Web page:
Thank you for your time.

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In other words, the code already worked perfectly for you, but you just don't believe it for some reason.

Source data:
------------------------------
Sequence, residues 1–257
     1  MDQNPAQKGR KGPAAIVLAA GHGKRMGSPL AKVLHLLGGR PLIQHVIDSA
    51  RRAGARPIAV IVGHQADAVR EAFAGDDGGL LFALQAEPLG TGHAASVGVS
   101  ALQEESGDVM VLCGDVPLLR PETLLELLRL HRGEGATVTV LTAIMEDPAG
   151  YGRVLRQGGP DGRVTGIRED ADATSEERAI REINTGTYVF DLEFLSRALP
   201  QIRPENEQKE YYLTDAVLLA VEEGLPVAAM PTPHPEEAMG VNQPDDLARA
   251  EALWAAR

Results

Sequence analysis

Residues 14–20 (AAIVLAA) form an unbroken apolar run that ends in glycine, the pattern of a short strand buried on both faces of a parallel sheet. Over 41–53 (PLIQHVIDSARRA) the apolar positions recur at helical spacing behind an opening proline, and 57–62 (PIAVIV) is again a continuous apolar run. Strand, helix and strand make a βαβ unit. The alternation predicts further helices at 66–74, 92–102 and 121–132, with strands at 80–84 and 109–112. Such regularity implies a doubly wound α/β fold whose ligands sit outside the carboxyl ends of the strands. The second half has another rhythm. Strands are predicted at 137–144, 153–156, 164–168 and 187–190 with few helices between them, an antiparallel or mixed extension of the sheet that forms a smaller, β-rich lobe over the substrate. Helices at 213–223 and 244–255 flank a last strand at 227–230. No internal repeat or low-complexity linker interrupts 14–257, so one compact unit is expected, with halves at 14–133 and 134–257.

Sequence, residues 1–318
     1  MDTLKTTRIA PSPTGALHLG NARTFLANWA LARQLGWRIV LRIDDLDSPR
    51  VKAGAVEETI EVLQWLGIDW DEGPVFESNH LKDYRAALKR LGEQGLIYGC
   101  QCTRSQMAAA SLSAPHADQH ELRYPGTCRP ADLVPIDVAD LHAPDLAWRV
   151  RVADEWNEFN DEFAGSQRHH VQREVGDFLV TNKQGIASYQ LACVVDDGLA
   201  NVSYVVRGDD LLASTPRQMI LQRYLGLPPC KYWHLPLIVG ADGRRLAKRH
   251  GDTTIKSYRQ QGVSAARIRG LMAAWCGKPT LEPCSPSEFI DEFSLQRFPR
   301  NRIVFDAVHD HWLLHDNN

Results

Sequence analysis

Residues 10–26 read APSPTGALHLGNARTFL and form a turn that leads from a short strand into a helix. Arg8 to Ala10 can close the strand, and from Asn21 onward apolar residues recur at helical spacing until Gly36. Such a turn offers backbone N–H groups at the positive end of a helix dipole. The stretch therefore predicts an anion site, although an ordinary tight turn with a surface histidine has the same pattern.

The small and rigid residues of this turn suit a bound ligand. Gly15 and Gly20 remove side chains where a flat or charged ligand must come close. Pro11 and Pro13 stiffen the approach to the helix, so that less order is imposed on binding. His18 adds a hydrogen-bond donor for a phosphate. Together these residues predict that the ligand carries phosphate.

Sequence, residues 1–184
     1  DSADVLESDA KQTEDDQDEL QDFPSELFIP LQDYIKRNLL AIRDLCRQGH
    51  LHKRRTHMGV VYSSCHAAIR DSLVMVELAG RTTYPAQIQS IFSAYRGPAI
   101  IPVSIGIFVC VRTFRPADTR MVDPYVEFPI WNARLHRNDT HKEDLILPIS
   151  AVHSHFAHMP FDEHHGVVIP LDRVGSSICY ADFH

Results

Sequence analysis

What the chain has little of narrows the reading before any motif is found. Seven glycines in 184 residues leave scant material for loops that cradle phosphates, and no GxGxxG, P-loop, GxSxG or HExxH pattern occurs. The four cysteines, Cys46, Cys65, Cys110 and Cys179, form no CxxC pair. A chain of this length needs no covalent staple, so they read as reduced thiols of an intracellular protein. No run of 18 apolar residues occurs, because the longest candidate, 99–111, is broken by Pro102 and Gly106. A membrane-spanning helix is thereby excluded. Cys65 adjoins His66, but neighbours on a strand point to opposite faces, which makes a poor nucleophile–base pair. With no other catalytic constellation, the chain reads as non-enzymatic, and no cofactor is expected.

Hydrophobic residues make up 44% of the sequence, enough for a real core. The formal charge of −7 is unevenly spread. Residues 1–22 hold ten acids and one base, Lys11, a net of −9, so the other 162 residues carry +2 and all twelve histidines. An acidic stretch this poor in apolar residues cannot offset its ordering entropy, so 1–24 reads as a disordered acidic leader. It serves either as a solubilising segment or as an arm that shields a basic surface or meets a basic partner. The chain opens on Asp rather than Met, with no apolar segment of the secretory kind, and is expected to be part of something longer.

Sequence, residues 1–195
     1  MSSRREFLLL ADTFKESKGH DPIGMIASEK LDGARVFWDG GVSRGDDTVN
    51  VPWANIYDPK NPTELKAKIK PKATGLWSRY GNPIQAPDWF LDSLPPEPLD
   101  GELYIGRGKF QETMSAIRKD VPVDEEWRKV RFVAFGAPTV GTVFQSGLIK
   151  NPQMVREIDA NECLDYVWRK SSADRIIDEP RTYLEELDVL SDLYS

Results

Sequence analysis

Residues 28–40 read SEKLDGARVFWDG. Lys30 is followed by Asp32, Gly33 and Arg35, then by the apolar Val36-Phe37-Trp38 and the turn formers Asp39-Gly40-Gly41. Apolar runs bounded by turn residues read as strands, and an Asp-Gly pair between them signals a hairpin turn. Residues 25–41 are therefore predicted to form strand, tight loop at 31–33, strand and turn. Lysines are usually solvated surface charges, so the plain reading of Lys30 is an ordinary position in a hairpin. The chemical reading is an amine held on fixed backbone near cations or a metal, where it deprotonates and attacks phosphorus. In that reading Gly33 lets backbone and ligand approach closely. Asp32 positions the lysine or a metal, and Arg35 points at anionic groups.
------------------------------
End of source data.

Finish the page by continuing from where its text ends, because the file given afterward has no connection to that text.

You code is unnecessarily complicated, as simply